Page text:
Most people here work in the NGO or Aid field or in Embassies and will stay between 3 and 4 years but there are about 10 core families that live here permanently. The ones who come for a bit have a great time. They mix with other expats, they travel enthusiastically and energetically in every school break and they have an air of luck and happiness about them. They live way better than they would had they stayed at home and most really appreciate rather than feel entitled to this advantage. Sunday at the club is a big hang out for this group and I would say this is mostly where we fit; despite the fact that we were not brought over with the comforts of a large expat package that includes a generous rent and shipping allowance. Another big difference is that this group’s future post is determined by their job, they know that they should sit back and live it up because who knows where they’ll be put next? This group does not care about Uganda in the same way as those that have vested interests and business here. They are detached and happy.
But the real characters here are the people who grew up here, the core group of old timers that originates with the white men whose parents came over post war ( or before?) and whose children, despite being sent off for a decent education in an English boarding school, often come back. Mainly the men return, the daughters generally stay in England, especially now that the parents have gone back. This is the generation of White Africans living here.
My handsome husband ofter comments on how similar it is to Durrell’s The Alexandria Quartet or other books where the White Man settles in a foreign land. A character is formed, through staying many years in Africa, often eccentric, mildly racist, a big drinker, a bigger talker and one that would never be able to return to his former home. He has many dogs but they all sleep outside, at parties he only talks to men unless he is drunk enough to start flirting. He owns a business but his family probably had land so there is some old money floating about. He loves to talk about money, business and land. His friends are the same as him and they spend every Friday after work at the same bar, with the same people drinking the same beer.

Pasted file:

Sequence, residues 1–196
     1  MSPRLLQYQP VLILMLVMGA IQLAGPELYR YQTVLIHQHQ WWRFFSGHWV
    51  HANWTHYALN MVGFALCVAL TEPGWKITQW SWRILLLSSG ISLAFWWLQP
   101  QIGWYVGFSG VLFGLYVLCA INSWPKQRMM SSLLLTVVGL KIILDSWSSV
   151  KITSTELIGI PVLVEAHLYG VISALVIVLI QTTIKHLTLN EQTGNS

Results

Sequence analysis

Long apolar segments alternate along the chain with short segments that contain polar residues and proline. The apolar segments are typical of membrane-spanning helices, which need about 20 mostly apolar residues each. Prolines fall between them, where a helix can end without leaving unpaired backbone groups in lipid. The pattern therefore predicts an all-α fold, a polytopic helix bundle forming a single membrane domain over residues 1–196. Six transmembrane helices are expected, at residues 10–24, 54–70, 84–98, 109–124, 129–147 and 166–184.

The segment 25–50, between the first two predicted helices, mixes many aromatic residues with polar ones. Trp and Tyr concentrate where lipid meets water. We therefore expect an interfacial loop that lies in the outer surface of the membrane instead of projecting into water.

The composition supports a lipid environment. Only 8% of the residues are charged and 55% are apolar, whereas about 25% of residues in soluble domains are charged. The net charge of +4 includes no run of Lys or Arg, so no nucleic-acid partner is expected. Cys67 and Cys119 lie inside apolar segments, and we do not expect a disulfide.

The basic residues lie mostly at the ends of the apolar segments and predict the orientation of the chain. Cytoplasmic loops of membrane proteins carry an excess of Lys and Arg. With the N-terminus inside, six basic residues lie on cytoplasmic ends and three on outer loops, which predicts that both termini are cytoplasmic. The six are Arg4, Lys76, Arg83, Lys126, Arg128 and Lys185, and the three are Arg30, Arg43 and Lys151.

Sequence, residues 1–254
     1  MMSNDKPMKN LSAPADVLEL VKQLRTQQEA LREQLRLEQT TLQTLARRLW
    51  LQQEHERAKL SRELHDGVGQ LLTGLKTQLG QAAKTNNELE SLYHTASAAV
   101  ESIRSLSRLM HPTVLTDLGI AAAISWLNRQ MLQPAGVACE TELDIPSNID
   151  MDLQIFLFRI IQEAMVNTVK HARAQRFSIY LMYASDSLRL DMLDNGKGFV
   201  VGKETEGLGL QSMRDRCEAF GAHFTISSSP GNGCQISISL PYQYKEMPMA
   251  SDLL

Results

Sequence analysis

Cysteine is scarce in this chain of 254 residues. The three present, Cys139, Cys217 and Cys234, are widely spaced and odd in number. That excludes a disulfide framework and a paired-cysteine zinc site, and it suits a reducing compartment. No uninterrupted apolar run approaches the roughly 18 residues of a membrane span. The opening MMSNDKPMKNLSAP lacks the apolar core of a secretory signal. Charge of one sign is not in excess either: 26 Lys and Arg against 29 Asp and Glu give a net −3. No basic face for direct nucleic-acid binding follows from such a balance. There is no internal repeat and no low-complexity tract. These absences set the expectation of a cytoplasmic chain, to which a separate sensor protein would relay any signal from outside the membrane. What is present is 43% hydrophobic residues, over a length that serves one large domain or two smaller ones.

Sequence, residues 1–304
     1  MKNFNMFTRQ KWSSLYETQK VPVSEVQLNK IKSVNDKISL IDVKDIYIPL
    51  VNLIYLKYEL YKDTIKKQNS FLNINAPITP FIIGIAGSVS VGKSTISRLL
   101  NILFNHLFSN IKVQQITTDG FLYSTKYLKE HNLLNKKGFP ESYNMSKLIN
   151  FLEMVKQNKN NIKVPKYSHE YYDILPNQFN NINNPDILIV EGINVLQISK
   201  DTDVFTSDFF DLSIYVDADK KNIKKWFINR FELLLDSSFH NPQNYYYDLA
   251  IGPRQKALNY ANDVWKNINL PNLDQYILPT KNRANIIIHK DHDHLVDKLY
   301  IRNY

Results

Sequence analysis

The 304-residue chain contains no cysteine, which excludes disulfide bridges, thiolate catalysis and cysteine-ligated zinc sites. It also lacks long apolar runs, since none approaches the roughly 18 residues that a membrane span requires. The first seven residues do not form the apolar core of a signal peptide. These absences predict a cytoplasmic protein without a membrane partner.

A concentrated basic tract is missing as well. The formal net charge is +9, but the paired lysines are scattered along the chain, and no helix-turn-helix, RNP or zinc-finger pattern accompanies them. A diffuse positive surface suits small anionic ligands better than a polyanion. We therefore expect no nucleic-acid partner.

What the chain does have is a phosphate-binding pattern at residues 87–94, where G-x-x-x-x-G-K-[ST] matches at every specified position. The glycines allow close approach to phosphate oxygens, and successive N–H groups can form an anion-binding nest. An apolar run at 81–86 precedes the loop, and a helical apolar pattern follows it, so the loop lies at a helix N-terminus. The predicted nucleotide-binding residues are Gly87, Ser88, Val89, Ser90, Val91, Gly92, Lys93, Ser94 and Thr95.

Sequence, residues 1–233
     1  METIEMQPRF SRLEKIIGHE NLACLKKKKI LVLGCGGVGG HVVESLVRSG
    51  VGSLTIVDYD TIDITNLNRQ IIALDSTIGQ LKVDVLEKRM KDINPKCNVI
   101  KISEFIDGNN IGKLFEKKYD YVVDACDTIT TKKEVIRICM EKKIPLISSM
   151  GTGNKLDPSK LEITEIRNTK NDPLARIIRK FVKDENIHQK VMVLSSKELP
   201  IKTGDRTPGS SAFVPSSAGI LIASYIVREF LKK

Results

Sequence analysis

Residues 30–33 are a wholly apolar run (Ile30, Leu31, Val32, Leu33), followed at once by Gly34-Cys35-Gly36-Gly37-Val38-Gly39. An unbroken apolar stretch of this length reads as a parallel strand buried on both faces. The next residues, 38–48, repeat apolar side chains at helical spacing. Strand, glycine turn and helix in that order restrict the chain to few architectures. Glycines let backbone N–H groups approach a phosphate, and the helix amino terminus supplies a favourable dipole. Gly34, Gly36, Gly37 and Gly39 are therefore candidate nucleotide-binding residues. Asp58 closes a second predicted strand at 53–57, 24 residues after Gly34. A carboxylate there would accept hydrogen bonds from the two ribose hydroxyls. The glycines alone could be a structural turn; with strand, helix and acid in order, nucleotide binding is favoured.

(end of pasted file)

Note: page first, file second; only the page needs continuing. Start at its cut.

I am forming a stereo type here as the format of a blog does not allow me to get more specific, although I wish I could. Stereo types are born from a certain truth so forgive me if I sketch a picture that looks too generalized. I am fond of observing people and I form characters constantly in my mind; how I long to have the time one day to put them all in a book.
The English Woman in Africa has often married a man who was born and raised here. She comes over for some reason in her early 20’s, meets a burly man who is more African than British, a man who can cope in the bush, owns land, can handle a gun, is macho in a way that turns on her mind. She marries him and begins a life of permanent expat. She is not going to leave, she has made her home in Africa and has seen her share of people come and go over the years. Therefore she has gathered around her a tight group of women who are likewise married to a white African man, who has made their beds and must now lie in it. She is attractive in a raw sort of way, her skin is weathered but she looks healthy, she has a manner that comes from many years of ordering staff around. She is aloof to a point, desperately lonely to another. She has probably had an affair or two and throws great parties where she drinks to much and flirts outrageously with her friend’s husbands. Her life revolves around the children that she simply adores but she will send them away to boarding school. They all do. And the children will return on holidays and pick off where they left off with their African friends who know and understand them better than anyone ever will. Many of the children will return to live in Africa, it is what they know, where they are happy, where they were raised. Some will leave but will forever have Africa under their skin, moving like blood beneath the muscle.
Children who are raised in Africa have lived with a certain freedom, far from the materialistic world of the Great Shiny West. They do not fear snakes, they can handle a tent, ride horses and live the privileged life of the Other. There are advantages to growing up here and in some ways it is no surprise that many come back to live as adults.
These characters, old timers and new fresh expats mingle and turn together. At every lunch, dinner or afternoon by the pool there is a person who seems to have walked out of a book, or perhaps into one. Perhaps what these people, who choose to live here, have in common is that they don’t really belong anywhere else. Maybe, like me, they don’t know what belonging means.